Moore’s sales tax was down also with the city receiving $2,091,362 — an 11 percent drop from last year’s collections for the same time period.
“We totally expected that to happen,” Moore Finance Director Jim Corbett said.
Last year, Moore received $2,314,903 during July. Moore recently ended the fiscal year up 5.7 percent which was comfortably above budget predictions of 5 percent, Corbett said.
The tornado has changed everything for FY 2014.
“We were just hours from the budget being adopted on May 20,” Corbett said. “We had a council meeting scheduled at 6:30.”
The tornado hit that afternoon and the meeting was canceled.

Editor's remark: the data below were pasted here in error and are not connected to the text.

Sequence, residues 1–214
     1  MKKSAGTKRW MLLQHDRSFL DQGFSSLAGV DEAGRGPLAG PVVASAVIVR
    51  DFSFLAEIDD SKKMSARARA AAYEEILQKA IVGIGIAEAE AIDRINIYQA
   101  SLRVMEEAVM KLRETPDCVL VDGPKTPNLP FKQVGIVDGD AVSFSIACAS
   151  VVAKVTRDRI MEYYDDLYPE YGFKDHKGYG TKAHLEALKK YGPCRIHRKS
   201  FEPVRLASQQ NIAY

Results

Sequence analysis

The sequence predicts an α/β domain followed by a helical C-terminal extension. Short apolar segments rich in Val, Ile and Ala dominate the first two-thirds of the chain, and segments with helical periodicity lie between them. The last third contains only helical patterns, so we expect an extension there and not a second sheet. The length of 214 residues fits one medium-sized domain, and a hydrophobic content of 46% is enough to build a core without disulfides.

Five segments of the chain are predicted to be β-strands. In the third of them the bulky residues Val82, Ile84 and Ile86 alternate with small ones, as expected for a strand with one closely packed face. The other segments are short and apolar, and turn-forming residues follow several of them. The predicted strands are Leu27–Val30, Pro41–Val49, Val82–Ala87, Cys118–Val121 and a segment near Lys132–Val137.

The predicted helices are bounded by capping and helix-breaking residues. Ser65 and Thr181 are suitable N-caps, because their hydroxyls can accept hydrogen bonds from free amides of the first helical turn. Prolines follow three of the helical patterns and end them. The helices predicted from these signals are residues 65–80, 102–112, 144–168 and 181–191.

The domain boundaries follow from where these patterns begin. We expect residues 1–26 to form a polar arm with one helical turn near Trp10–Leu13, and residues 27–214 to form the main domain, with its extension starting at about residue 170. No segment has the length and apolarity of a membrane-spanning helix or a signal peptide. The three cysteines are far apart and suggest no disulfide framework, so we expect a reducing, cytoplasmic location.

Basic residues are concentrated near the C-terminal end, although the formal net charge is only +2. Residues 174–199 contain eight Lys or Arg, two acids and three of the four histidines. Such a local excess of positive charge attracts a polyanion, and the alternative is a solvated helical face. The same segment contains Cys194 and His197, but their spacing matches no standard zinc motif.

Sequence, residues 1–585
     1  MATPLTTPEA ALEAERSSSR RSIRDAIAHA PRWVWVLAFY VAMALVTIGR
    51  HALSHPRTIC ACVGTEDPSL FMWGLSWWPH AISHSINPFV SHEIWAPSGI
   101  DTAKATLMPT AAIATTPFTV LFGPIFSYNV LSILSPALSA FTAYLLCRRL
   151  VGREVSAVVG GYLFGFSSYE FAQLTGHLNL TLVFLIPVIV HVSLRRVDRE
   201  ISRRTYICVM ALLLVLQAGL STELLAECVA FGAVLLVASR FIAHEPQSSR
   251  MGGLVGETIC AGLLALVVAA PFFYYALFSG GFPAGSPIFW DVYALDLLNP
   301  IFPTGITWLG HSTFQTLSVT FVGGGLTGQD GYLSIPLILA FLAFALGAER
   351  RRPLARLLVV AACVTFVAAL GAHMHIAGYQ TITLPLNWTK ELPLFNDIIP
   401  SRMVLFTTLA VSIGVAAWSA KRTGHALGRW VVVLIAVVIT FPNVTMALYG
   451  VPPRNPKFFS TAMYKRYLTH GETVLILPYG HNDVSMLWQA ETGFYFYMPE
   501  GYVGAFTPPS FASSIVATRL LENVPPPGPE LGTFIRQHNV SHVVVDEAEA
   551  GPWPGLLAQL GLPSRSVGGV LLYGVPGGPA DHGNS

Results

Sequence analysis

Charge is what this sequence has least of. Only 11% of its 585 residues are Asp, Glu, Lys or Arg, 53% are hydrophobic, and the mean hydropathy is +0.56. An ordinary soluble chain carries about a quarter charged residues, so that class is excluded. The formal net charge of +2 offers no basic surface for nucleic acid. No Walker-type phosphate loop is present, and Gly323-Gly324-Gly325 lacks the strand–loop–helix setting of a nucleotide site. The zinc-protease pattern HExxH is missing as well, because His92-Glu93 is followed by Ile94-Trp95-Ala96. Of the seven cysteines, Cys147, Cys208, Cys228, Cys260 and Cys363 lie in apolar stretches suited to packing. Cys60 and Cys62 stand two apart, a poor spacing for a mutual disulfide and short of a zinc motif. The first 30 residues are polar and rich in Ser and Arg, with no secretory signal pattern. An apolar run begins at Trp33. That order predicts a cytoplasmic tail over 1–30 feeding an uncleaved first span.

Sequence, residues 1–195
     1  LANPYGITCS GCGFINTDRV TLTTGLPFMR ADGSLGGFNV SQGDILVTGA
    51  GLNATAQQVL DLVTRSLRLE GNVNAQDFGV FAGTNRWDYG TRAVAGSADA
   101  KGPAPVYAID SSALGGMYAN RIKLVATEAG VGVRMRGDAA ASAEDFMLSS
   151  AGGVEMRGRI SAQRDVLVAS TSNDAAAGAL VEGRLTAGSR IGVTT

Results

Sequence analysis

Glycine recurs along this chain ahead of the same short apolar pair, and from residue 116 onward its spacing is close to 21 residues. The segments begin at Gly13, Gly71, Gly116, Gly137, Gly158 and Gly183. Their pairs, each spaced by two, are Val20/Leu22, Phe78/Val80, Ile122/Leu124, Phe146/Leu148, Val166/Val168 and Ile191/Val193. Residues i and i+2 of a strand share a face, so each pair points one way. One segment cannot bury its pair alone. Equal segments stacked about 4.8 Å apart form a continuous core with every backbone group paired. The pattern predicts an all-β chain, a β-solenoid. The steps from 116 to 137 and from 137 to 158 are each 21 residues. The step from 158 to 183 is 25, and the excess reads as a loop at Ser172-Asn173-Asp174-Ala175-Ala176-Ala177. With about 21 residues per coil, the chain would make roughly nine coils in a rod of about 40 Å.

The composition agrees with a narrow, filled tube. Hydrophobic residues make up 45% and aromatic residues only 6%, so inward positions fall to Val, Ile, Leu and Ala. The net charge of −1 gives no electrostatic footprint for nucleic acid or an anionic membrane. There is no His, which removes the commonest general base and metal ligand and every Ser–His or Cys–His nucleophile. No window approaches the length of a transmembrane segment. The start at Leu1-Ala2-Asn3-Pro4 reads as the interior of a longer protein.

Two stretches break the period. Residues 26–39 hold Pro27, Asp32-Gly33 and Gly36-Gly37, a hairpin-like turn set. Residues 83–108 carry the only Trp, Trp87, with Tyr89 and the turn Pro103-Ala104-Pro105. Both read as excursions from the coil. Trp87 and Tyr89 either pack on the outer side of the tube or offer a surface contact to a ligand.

“The budget was adopted on June 3,” Corbett said. “It was adopted as is. We didn’t make any adjustments at that point.”
There will be many adjustments made to the FY 2014 budget in coming months, he said. On Monday, the city council will consider a supplement for FY 2013 for costs related to the tornado.
“There will be additional supplements throughout the summer,” Corbett said.
Those adjustments will affect FY 2014.
Corbett said the city expects a sales tax slump followed by a boom as businesses reopen and people rebuild.